The financial markets, after many months of forward guidance and supposedly “transparent” communication from the Fed, were very surprised by the FOMC’s latest decision to delay the start of tapering its asset purchases. This can be seen most clearly in the immediate 0.15 per cent drop in the yield on ten year treasuries, which reflects the extent of the lurch towards dovishness shown by the committee.
Prior to the announcements, the market thought that it knew two things with a high degree of confidence. First, the Fed chairman had said explicitly that the start of tapering was likely “in the next few meetings” and then clarified that this meant “before the end of the year”. Second, he had given explicit guidance that the end of tapering would occur around the middle of 2014, by which time the unemployment rate was expected to be below 7.0 per cent.
Given that the starting and ending dates for tapering were well pinned down, only the pace in between seemed to be up for debate. This left little room for manoeuvre on the final total for the Fed balance sheet, which was thought to be around $4.1 trillion (or 24 per cent of GDP).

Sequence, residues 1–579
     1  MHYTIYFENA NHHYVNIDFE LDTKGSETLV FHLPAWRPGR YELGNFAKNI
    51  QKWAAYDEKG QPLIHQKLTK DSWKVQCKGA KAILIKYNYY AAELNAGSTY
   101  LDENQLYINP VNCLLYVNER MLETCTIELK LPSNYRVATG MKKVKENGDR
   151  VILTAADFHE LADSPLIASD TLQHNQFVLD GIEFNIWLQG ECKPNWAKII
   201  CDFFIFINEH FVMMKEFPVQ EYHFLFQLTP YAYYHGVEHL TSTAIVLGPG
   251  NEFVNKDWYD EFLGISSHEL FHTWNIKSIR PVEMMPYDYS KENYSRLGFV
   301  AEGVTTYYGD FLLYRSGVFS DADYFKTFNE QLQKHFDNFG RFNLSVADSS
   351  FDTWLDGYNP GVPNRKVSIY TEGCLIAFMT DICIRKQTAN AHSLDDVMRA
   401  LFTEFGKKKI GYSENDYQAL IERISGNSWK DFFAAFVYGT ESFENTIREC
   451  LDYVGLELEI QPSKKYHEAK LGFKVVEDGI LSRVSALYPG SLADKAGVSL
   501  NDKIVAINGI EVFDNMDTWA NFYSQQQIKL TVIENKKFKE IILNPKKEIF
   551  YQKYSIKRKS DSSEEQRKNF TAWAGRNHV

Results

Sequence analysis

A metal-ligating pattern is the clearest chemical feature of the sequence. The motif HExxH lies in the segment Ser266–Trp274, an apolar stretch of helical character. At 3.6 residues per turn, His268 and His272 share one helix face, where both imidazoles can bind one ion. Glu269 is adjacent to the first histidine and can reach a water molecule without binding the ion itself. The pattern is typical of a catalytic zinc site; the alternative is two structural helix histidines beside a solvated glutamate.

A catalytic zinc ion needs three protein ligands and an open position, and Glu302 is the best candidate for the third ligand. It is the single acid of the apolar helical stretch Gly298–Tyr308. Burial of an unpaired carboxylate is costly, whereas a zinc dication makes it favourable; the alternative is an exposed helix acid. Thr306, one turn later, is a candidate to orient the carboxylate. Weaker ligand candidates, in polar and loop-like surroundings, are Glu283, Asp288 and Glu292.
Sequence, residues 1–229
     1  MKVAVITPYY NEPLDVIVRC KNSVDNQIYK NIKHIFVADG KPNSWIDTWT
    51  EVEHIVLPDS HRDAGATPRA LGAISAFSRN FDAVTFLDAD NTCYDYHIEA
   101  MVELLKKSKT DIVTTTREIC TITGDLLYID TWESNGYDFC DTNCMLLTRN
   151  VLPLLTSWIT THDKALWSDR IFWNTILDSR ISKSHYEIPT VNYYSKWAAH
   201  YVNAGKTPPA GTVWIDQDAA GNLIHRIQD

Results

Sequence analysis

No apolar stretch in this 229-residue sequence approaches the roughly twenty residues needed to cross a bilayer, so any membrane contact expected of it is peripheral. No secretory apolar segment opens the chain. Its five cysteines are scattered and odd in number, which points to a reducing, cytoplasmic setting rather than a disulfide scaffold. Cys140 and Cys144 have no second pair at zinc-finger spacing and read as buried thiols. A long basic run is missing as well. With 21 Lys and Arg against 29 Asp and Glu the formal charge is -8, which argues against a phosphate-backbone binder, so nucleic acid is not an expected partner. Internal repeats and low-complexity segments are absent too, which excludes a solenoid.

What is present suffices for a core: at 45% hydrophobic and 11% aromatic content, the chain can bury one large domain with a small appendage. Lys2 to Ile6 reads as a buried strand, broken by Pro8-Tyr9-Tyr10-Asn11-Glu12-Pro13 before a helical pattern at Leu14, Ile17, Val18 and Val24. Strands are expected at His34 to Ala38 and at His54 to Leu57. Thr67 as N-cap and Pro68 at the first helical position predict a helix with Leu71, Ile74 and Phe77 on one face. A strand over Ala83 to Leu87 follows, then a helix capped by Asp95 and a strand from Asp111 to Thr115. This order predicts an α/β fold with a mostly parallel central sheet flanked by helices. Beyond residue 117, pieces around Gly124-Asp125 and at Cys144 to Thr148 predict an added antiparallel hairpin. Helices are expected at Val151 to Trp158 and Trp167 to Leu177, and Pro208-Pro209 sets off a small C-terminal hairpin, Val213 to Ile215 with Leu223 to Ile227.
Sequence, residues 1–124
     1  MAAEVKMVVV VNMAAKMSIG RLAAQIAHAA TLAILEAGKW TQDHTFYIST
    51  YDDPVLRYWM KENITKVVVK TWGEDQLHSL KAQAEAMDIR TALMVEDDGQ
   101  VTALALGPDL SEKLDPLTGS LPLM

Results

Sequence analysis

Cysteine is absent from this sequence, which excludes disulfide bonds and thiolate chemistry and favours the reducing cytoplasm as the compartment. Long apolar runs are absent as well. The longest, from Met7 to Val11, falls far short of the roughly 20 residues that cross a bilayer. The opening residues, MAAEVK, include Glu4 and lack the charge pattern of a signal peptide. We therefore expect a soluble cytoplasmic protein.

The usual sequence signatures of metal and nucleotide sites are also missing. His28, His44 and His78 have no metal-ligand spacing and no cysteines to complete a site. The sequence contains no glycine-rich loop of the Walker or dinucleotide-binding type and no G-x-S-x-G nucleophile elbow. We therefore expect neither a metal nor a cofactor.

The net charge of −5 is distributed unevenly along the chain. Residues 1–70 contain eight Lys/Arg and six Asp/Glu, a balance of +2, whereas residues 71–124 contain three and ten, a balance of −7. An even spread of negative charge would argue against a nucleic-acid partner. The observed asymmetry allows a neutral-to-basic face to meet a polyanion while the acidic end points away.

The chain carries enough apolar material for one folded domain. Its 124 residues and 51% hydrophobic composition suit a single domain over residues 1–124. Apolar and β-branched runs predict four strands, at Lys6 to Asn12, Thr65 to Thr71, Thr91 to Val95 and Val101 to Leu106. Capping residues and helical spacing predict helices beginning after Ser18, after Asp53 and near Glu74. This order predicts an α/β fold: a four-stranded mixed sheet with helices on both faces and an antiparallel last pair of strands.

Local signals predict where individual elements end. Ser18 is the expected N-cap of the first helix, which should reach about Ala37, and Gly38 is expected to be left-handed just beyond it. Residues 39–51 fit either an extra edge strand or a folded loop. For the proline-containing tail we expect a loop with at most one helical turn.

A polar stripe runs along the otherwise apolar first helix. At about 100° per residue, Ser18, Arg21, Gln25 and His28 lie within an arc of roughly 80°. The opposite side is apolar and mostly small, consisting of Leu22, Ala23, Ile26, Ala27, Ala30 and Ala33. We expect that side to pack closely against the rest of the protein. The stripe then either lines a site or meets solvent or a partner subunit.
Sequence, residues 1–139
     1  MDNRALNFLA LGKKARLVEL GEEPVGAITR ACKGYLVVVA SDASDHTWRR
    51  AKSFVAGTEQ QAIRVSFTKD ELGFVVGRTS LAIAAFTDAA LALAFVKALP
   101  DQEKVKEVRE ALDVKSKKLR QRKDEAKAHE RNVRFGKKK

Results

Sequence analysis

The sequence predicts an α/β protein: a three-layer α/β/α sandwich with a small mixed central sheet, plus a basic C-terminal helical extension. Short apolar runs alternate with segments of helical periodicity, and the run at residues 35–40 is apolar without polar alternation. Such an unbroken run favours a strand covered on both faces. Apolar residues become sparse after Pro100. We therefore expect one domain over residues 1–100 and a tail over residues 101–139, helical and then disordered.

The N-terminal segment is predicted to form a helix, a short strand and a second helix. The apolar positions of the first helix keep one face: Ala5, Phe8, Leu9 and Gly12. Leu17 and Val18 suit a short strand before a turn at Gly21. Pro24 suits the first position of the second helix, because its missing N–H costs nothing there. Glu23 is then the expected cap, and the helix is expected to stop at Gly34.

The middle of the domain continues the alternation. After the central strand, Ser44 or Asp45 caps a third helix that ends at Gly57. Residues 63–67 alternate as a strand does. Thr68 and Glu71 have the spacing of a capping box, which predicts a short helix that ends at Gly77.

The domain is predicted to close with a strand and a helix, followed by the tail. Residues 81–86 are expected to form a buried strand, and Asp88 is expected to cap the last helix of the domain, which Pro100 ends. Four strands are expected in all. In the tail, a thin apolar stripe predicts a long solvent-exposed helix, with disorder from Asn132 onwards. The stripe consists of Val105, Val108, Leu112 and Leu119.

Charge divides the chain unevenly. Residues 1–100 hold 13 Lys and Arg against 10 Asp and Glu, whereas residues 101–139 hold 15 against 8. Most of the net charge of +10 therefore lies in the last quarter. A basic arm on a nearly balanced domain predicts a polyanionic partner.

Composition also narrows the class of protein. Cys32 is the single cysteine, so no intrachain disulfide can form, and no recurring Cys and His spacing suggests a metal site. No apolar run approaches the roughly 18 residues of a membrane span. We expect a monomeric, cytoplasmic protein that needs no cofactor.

All of this has now been thrown into considerable uncertainty following the chairman’s latest press conference. It is no longer as likely that the start of tapering will come this year, though December now seems to be the best single bet. Not can it be assumed that the 7 per cent unemployment rate is a good guide about the end point. Although the FOMC’s economic projections still show unemployment dropping below this rate somewhere around mid-2014, the chairman seemed to pour cold water on the importance of the 7 per cent figure, a consideration he himself had voluntarily introduced in the June press conference.